When you notice yourself telling others how busy you are, stop yourself and change your language. Start affirming a more positive relationship with time. You might say, “My life is very full right now.” You might even say, “I’ve been doing too much, and now I’m going to commit to slowing down more.”

Stop affirming how busy you are and that you don’t have enough time. Stop trying to get approval or sympathy for being busy.

Work with the time you have and give thanks for the abundance of time you’ve been given on Earth. You might use a favorite affirmation of mine whenever I start getting anxious about all I have to do:

“I always have enough time to do what I love and need to do.”

When you are feeling panicked about how you will get everything done, stop and remind yourself that you always get everything done that has to get done. Look at the past. Isn’t this true?

Then, let the rest go. If there is too much to do, it’s time to make another plan. Make new agreements with others if you had deadlines you were supposed to make that are impossible or you took on too many commitments. Delegate tasks to others where you can. Eliminate things from your list or postpone them. Be reasonable about what you can and cannot do.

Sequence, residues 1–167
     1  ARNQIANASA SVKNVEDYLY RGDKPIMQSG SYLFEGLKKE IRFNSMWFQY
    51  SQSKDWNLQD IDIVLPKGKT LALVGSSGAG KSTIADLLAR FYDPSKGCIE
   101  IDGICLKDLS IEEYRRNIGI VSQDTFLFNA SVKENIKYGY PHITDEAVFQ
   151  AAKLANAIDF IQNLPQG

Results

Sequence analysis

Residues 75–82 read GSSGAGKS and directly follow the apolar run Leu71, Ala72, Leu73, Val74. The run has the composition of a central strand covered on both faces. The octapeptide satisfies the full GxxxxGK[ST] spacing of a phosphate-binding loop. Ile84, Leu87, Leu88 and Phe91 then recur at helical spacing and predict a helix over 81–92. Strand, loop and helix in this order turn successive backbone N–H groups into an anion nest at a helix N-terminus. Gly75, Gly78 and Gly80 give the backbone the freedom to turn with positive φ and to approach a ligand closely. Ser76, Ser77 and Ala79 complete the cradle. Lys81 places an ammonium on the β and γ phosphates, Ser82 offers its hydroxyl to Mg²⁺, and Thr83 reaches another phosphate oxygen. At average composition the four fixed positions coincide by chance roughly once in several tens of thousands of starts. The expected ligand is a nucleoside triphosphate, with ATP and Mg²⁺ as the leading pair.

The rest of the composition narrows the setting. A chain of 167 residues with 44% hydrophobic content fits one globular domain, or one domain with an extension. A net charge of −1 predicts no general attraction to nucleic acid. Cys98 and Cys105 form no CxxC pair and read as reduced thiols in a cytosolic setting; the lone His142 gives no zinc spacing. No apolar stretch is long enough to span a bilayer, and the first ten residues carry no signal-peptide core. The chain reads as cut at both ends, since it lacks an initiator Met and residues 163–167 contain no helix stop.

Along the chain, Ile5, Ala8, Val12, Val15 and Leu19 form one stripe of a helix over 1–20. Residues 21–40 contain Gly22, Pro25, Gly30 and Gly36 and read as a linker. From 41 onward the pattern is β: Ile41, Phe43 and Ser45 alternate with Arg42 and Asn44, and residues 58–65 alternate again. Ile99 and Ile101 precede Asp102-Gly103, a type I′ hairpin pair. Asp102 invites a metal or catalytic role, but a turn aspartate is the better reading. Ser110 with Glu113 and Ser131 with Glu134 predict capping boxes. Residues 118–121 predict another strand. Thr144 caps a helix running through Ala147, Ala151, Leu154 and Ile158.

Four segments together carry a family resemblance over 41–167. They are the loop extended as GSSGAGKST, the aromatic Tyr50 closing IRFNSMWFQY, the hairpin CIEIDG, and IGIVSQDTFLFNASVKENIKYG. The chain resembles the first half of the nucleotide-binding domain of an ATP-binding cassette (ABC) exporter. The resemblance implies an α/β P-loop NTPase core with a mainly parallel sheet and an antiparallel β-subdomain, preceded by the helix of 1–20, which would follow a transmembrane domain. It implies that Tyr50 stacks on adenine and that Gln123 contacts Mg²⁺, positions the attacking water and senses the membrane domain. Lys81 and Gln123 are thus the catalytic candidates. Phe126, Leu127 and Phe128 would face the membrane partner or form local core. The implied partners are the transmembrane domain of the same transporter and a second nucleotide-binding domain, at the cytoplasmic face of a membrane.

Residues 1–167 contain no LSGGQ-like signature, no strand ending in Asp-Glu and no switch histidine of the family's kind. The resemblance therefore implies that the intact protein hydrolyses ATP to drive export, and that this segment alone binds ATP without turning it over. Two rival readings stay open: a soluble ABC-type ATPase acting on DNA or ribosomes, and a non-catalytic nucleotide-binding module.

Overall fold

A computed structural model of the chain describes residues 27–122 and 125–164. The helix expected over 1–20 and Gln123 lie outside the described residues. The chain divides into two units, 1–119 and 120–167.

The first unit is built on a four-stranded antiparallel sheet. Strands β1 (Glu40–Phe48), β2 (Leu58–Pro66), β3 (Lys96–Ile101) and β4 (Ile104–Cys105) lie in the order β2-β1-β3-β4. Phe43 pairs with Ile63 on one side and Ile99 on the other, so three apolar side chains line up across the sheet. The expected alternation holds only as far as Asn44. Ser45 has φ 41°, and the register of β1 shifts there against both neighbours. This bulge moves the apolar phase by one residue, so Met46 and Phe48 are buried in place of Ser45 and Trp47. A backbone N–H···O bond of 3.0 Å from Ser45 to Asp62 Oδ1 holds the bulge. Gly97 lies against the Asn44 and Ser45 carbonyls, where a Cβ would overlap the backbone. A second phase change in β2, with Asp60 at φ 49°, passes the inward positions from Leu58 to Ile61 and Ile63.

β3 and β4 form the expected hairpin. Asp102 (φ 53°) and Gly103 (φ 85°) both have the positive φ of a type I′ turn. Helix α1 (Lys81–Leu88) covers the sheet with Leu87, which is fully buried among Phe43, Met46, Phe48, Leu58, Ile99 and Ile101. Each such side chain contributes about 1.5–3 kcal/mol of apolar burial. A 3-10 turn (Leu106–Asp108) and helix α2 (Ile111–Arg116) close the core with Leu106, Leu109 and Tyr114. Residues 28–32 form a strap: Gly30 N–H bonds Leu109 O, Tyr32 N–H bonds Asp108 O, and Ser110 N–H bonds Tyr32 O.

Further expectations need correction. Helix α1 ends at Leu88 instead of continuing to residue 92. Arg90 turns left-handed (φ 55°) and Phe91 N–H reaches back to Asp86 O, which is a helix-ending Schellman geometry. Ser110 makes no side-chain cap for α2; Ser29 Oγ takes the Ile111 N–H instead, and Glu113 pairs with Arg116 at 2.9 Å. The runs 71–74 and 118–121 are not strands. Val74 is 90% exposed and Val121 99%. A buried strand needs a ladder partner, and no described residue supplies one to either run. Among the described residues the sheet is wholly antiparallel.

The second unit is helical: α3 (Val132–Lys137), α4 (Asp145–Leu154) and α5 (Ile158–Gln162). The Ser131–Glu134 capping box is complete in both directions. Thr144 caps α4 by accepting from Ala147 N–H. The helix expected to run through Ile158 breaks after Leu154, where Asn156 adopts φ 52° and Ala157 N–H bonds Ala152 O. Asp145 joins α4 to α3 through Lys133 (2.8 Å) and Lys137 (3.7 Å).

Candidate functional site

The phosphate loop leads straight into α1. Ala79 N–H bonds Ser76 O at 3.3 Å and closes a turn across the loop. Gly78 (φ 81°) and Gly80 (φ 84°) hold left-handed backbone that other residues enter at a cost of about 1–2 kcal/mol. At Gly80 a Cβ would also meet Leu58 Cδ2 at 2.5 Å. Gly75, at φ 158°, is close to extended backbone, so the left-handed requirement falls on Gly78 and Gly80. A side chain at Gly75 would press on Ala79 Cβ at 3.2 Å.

Practice Being Inside of Time

This is my favorite practice as it is quite magical how it opens up time in your life. I call it Being Inside of Time.

Do only one thing at a time and don’t think of the future while you do it.

Stop multi-tasking. Stop letting yourself get interrupted and distracted by emails, social media, your phone, or other people. Close the open tabs on your browser. Turn off all the beeps and notifications that you can on your phone and computer permanently. They wreak havoc on your nervous system and your ability to concentrate. Put your phone in another room whenever you can, and/or use my favorite setting: Do Not Disturb. Ask others to honor when you need to focus on what you are doing.

I find that the most essential aspect of this is to not run a list in my mind of what I have to do next or that day or on that project while doing something else. Running the list of what else needs doing takes me out of the moment, out of the task at hand, and tends to leave me feeling harried.

So, practice giving yourself entirely to what you are doing in each moment. And then, when the time is up for that activity, go on to the next. Do one thing fully, whether you are brushing your teeth or composing a sonnet. Be inside of time.

This will open time and slow it down in the most amazing ways. I’ve had the experience of things that I thought would take hours getting done in strangely little time when I do this. And it helps my mood and nervous system, and my whole feeling about my life, enormously.

In upcoming posts, we’ll get into some practical tools for sorting through all the many things you feel you have to do, want to do, and should do, and making space in your life for what matters most. In the meantime, I encourage you to try these two practices and let me know what you discover.